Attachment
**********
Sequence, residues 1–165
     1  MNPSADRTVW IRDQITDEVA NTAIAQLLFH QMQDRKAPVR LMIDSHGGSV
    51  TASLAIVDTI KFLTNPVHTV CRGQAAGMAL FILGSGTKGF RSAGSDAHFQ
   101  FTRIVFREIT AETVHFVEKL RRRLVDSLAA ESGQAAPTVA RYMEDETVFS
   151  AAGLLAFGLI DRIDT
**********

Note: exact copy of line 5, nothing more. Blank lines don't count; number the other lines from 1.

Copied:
   151  AAGLLAFGLI DRIDT